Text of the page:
​   Israel insisted on being fed, not with manna only, but with flesh. The people complained of their heaven-sent food as too light and unsatisfying. Their gross appetite demanded some heavier diet. So the wind brought down quails, flying a few feet from the ground, within easy reach of club or stick. These they ate ravenously, voraciously, greedily. “The people stood up all that day, and all that night, and all the next day, and they gathered the quails” (Numbers 11:32). Their pampered bodies were gorged with food. They had their desire, but their souls were starved. “While the flesh was yet between their teeth, ere it was chewed, the wrath of the LORD was kindled… and the LORD smote the people with a very great plague” (Numbers 11:33). They were buried in the graves of lust.
   Generally speaking, the soul and body fare inversely. When the body is pampered with every luxury, the soul starves. The soul thrives best when the body cries out. Probably we all have to choose, not once or twice, in life, whether we will have the full satisfaction of our appetites, and lean souls; or be lean as to our circumstances, while the spirit is keen, alert, and full of vigorous life.
   It seems as though the shadow of the eternal were perpetually hiding from us the eternal itself. Those that snatch at the shadow miss the eternal; those who refuse to be satisfied with the shadow, reach the satisfying vision of God; and to find God is to find all in and with Him. Oh, do not seek to impose your will on God; do not insist on anything with too great vehemence; let God choose. Whenever you make request for things which are not definitely promised, ask God not to grant them, except it be up for the very best. —Our Daily Homily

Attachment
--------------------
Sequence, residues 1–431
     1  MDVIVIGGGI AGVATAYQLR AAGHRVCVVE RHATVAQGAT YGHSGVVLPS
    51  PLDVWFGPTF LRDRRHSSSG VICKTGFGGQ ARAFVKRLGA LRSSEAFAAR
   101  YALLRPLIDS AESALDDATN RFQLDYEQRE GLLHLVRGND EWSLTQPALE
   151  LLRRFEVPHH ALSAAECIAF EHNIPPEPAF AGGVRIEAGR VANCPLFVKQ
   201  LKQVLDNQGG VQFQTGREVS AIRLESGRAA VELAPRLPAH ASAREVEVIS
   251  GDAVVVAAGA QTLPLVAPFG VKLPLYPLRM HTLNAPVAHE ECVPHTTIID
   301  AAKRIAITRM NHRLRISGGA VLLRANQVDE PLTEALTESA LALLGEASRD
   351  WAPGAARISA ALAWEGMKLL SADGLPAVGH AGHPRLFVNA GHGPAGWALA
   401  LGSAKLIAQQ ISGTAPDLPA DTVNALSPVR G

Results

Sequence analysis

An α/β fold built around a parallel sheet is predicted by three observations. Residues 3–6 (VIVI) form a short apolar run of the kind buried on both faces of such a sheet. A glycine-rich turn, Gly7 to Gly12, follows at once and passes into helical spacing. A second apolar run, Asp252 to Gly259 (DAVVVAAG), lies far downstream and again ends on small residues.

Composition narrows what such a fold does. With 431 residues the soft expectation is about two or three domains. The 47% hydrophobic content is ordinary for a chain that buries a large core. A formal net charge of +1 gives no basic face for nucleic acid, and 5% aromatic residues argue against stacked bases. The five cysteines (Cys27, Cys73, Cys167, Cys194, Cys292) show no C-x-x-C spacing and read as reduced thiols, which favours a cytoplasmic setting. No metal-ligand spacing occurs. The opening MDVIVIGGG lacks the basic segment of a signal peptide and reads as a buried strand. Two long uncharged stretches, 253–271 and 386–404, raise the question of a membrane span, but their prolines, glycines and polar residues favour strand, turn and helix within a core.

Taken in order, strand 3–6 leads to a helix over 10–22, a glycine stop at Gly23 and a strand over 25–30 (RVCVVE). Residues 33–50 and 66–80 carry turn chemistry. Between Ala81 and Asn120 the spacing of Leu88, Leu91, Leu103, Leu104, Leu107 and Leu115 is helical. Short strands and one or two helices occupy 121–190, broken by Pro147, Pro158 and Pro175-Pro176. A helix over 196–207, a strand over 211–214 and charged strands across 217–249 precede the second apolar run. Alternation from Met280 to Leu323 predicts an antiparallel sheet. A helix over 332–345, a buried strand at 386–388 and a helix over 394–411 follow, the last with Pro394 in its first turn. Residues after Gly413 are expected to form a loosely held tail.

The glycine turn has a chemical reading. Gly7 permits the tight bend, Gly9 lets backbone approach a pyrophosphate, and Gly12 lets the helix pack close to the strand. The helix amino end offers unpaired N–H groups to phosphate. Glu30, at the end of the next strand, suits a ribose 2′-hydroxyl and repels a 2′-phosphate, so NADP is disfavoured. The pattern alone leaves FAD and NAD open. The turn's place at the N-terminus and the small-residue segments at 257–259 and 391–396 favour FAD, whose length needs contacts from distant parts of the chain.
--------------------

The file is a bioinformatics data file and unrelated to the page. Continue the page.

Psalm 106:16-33 – ​Judgment Restrained by Intercession

   The strife between the ungodly and the servants of God has characterized all the centuries. These verses record some of its phases. Moses is called God’s chosen, Aaron his saint, while Phinehas is held in honor as one to whom his noble deed was counted for righteousness. But such men are always envied, refused, resisted. Men hate them, but God loves and vindicates them for their loyalty and uncompromising righteousness.